Learning about Dehradun’s food history, one bite at a time
The heritage walkers not only learnt about the historical past of Doon’s restaurants but also about the history behind the ingredients used in the dishes.dehradun Updated: May 01, 2016 21:28 IST
Heritage enthusiasts were in for a delectable treat on Sunday, with a heritage walk in the state capital covering some of the iconic eateries of Dehradun, which have been the favourite haunts of residents for decades.
The heritage walk was led by expert Lokesh Ohri and the walk was conducted under the aegis of Been There Doon That, a local heritage group. Around 100 people assembled at the Clock Tower and walked down to Paltan Bazar before starting their ‘tastathon’ at the famous Kumar Sweets, a famed sweetshop located in the heart of the city.
The group made 12 stoppages at various food eateries, including the Chaatwali Gali (considered the equivalent to Old Delhi’s Parathewali Gali), some old sweet shops and bakeries and popular street-side points like Chetan puriwala and Negi paanwala.
The heritage walkers not only learnt about the historical past of the shops, but also about the history behind the ingredients used in the dishes. For instance, at Kumar Sweets, Ohri told enthusiasts about the history of kulfi – how it originated in Persia as a frozen dessert before being brought to India by the Mughals. He also referred to excerpts of the Ain-e-Akbari, the 16th century document recording administration of emperor Akbar’s empire, which narrates how around 18 kg ice was brought to the Mughal courts from the Himalayas for kulfi.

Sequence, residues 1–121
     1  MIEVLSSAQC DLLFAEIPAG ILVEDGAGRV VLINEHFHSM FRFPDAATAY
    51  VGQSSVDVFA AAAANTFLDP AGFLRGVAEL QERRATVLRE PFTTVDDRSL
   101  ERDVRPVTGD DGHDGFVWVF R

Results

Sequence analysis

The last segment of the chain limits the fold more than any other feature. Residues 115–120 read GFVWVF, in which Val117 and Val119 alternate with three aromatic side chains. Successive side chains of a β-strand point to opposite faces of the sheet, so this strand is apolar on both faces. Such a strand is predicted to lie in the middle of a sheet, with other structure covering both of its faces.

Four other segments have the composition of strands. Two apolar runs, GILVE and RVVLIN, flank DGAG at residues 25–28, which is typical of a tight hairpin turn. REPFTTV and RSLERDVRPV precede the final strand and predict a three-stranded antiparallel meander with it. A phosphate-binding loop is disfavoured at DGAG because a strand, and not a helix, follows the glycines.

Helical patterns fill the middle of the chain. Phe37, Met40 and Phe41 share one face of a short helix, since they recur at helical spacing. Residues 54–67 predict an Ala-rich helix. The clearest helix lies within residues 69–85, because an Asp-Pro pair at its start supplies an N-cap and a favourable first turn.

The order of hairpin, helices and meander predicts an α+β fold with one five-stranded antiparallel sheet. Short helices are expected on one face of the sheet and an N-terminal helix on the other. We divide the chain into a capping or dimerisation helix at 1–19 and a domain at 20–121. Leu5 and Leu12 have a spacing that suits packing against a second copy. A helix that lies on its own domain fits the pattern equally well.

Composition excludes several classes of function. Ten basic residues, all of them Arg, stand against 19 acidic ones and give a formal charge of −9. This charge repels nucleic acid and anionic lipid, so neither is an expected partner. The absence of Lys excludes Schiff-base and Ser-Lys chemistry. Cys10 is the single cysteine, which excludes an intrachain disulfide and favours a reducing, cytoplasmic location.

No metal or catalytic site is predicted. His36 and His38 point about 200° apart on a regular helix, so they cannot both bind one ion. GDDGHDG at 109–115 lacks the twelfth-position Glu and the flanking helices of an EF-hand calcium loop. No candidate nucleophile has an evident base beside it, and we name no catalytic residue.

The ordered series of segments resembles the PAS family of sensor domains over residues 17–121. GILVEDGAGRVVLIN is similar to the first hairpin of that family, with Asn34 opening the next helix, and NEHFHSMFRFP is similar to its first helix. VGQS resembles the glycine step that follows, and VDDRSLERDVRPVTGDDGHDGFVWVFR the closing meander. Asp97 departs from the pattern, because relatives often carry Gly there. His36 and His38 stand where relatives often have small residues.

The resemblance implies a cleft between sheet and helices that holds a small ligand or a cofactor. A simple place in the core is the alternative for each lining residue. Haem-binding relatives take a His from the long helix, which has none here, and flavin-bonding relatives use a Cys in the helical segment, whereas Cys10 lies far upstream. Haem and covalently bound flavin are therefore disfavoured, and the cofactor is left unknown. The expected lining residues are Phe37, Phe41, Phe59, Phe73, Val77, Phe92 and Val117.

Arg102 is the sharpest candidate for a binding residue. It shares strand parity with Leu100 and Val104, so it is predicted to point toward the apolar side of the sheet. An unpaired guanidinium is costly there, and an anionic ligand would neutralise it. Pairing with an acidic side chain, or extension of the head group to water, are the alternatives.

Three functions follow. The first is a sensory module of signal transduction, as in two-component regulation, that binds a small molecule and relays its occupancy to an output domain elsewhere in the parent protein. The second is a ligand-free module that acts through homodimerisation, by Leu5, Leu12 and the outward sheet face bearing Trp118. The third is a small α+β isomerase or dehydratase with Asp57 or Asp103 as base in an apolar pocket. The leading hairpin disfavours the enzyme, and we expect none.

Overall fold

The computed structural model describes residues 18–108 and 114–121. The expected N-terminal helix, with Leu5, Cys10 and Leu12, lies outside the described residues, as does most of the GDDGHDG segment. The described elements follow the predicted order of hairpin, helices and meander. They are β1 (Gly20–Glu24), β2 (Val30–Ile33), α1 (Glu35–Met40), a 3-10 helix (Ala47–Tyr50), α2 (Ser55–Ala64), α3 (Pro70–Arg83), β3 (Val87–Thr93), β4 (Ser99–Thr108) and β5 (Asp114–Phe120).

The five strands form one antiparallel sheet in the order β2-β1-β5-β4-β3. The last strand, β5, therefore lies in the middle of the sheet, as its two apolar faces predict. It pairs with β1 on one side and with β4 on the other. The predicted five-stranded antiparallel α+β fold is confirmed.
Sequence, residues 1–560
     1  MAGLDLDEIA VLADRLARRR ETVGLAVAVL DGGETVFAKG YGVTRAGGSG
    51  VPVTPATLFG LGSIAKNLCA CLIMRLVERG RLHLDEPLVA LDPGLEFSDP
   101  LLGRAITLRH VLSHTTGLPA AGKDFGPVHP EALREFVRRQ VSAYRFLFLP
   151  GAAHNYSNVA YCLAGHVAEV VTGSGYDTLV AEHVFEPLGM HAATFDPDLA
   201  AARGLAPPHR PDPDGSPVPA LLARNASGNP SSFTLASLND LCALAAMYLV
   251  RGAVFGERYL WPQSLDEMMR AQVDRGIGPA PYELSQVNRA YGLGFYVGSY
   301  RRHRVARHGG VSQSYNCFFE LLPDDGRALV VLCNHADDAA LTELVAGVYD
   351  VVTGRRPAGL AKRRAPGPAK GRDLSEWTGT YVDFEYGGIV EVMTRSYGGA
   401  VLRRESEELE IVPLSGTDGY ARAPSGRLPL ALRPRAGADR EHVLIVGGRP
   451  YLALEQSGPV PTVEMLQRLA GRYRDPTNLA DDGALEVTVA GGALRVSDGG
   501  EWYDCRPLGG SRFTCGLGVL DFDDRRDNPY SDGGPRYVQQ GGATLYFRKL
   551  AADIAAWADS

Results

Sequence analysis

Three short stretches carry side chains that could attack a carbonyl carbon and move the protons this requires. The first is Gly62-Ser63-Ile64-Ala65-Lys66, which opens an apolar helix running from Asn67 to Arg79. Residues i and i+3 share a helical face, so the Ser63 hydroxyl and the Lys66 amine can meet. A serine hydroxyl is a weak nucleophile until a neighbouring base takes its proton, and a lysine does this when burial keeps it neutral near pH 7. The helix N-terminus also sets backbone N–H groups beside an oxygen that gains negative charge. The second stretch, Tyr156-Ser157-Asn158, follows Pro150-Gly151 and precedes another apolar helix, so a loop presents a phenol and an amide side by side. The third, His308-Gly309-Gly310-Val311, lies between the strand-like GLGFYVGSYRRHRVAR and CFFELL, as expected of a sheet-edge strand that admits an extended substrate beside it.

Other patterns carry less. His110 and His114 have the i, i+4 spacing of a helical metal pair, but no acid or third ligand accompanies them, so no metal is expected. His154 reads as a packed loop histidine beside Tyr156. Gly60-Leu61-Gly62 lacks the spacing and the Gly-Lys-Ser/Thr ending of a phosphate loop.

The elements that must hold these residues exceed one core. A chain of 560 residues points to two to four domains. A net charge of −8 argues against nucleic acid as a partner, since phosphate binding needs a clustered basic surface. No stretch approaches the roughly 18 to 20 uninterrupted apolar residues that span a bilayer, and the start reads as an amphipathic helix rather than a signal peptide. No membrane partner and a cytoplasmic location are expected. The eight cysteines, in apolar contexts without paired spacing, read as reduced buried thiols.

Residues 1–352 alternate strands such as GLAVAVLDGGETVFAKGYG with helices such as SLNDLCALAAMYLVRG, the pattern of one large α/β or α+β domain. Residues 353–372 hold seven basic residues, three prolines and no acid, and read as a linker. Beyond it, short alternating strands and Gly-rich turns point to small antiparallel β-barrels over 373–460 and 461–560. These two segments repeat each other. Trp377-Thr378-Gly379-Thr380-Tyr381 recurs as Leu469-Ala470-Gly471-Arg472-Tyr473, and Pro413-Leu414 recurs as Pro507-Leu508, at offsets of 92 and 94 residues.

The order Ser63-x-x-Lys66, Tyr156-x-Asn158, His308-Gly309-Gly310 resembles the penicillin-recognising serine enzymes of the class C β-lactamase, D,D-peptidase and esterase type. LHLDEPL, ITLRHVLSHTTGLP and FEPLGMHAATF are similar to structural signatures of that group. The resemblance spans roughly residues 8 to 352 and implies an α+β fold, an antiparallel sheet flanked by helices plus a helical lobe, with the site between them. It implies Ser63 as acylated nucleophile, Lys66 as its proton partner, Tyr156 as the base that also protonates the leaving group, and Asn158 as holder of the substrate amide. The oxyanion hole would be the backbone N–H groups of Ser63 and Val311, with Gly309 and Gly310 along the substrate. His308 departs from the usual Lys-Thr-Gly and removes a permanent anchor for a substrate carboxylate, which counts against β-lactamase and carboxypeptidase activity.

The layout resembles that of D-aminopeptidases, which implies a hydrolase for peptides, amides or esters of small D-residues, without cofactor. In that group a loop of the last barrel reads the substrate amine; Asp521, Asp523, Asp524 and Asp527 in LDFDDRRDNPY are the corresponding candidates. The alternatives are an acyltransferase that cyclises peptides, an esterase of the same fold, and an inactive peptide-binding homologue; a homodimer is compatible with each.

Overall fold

Ohri said that the walk was aimed at developing a deep understanding of the city’s historical legacy through food — the best way to connect with people across all age groups.
“Many of these shops go back three generations or more. For instance, Chetan puriwala is over 100 years old. Despite being surrounded by heritage, few residents know about the history of food. The endeavour aimed at generating awareness about the city’s food heritage,” Ohri told HT. “It will also help train a small army of conservationists who shall further take up the cause of heritage protection.